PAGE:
As I mentioned yesterday, Francesco Rosi’s 1984 film of Bizet’s opera Carmen is likely the best way to give opera a try. It is a good movie qua movie, and Carmen of course has some of the catchiest songs among all operas. Carmen is more like an American musical than most operas, where, frustratingly, the best hook is only used once, maybe twice in an aria. In Carmen, however, the good tunes are pounded on, over and over:
It’s kind of like Andrew Lloyd Weber’s Evita, which only has 1.5 good songs, but keeps banging away at “Don’t Cry for Me, Argentina” so it’s satisfactory.
Placido Domingo has the Fred MacMurray role in Carmen as the sap who doesn’t get any of the contenders for greatest song of the 19th century, but still gets some pretty good arias
Carmen is a French opera about Spain. Is there a word equivalent to Edward Said’s term “Orientalism” about how northern Europeans like Bizet thought about southern Europeans?
By the way, my idea for how to improve Evita is this: Weber and Rice’s big idea for the story of Juan and Evita Peron is to interject the Argentine leftist radical Che Guevara (Mandy Patinkin in the Broadway debut, Antonio Banderas in Madonna’s film version) as an on-stage commentator. But not all of Weber and Rice’s critique of the Perons’ centrist populism comes from the left. So Che ends up making conservative critiques of the Perons as well, which dilutes his impact. Moreover, this downplays Argentina’s tragic dilemma between left and right that empowered the Perons’ centrism.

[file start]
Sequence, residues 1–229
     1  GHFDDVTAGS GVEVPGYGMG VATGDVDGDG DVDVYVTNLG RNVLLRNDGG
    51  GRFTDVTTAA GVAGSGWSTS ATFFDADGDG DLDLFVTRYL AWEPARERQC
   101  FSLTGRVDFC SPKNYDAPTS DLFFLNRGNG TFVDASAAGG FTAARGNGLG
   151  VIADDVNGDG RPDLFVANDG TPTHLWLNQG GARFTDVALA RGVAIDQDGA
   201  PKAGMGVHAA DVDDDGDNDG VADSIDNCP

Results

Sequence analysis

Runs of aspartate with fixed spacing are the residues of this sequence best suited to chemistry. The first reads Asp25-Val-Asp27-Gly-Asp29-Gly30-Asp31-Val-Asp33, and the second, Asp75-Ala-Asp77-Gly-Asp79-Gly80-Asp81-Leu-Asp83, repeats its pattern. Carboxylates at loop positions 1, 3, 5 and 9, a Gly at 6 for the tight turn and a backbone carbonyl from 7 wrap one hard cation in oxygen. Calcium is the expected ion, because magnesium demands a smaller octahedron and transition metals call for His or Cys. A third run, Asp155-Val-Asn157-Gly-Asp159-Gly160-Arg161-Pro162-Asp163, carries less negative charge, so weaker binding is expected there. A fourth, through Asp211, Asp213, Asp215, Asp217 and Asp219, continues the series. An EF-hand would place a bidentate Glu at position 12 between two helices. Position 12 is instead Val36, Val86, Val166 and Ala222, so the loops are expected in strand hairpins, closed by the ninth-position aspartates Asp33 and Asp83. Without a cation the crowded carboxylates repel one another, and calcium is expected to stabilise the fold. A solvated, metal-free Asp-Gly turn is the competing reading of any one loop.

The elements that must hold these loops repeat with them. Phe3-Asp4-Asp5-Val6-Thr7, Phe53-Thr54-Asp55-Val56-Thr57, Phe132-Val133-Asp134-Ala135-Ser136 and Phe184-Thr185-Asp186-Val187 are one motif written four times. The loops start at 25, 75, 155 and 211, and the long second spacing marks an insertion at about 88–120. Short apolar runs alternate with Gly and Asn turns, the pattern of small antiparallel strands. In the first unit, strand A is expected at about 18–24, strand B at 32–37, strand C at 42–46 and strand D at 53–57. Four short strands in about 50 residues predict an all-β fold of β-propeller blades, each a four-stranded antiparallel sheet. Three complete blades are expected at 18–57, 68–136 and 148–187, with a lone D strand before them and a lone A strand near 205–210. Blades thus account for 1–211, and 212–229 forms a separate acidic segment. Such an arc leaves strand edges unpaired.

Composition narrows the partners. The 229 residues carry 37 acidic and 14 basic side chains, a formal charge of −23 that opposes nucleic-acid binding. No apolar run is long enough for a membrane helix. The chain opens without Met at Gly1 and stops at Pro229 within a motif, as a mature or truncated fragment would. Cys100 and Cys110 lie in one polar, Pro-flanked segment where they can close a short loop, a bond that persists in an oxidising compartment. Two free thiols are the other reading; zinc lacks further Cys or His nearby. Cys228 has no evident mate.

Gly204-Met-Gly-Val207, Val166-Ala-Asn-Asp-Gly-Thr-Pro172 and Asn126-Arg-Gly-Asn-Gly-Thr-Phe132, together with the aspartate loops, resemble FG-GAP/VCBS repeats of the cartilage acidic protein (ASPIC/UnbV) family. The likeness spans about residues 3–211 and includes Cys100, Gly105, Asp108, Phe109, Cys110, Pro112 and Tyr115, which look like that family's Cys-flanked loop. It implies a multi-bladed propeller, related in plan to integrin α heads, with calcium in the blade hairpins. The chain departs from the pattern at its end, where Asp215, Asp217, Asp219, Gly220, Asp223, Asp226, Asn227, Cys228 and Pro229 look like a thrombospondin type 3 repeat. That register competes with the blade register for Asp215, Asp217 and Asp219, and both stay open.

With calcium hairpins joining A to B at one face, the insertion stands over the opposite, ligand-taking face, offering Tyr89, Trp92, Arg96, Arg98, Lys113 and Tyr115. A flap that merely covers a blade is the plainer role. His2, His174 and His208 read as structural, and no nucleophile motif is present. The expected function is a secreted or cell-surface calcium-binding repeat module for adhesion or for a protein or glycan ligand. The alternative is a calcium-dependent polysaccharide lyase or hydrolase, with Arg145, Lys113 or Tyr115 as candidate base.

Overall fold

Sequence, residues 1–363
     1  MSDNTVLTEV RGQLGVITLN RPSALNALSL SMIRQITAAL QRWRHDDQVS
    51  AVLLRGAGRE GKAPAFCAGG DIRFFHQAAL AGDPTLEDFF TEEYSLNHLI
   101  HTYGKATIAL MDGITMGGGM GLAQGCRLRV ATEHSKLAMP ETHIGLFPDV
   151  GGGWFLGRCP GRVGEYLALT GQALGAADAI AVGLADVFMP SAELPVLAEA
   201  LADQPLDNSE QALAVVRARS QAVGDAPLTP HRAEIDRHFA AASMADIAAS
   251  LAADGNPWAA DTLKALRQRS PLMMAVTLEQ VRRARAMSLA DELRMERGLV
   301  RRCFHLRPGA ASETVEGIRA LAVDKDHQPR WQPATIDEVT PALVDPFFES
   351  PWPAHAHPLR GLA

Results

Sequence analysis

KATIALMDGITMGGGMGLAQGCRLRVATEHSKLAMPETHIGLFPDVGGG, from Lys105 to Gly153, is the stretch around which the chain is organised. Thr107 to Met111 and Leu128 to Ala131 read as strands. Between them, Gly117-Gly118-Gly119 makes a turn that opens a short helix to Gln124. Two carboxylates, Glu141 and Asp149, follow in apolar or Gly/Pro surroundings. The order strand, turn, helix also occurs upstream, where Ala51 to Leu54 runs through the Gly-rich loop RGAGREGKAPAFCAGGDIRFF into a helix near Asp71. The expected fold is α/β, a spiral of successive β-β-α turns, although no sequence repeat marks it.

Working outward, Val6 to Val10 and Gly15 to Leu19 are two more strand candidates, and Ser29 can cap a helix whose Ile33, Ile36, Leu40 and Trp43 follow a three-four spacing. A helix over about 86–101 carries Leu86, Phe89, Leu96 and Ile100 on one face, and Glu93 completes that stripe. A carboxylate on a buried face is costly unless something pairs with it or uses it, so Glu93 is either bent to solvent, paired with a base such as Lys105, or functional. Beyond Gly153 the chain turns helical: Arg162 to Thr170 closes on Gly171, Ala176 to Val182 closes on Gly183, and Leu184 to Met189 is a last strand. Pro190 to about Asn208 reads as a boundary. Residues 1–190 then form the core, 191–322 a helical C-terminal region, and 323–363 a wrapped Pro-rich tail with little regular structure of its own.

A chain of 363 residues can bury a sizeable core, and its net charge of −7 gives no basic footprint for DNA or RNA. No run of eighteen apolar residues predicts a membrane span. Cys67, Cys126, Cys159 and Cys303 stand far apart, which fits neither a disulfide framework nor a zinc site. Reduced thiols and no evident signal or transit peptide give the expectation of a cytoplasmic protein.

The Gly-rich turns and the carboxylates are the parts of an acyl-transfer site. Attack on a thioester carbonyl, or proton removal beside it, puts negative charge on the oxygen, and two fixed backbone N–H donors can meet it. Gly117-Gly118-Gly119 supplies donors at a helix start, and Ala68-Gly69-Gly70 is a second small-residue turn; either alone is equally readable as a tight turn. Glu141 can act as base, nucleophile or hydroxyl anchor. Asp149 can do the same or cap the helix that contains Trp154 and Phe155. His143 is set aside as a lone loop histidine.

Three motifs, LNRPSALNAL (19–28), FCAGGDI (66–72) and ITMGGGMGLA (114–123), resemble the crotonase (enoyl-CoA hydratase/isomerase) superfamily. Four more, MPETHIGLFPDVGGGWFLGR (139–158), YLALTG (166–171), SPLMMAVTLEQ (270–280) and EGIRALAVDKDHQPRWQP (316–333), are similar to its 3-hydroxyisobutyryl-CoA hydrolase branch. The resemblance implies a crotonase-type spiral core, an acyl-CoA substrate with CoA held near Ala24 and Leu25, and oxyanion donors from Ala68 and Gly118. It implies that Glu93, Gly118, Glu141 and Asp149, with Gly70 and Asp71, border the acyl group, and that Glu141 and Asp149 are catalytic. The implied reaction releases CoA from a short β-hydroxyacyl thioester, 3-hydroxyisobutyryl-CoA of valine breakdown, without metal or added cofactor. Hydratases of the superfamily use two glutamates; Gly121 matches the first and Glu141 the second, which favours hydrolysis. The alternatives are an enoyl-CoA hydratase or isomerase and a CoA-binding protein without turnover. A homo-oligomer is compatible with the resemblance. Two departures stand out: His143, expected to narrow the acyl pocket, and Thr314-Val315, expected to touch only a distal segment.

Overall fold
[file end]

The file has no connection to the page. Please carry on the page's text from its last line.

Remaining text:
20th Century Argentina was not a terribly competent society at solving its problems, but it was a highly talented society, which makes its tragedies even more tragic.
So, my idea for fixing Evita is to divide Che’s role into two: feature two critics of the Perons: Che as the young leftist, and a blind sage, Jorge Luis Borges, as the old rightist.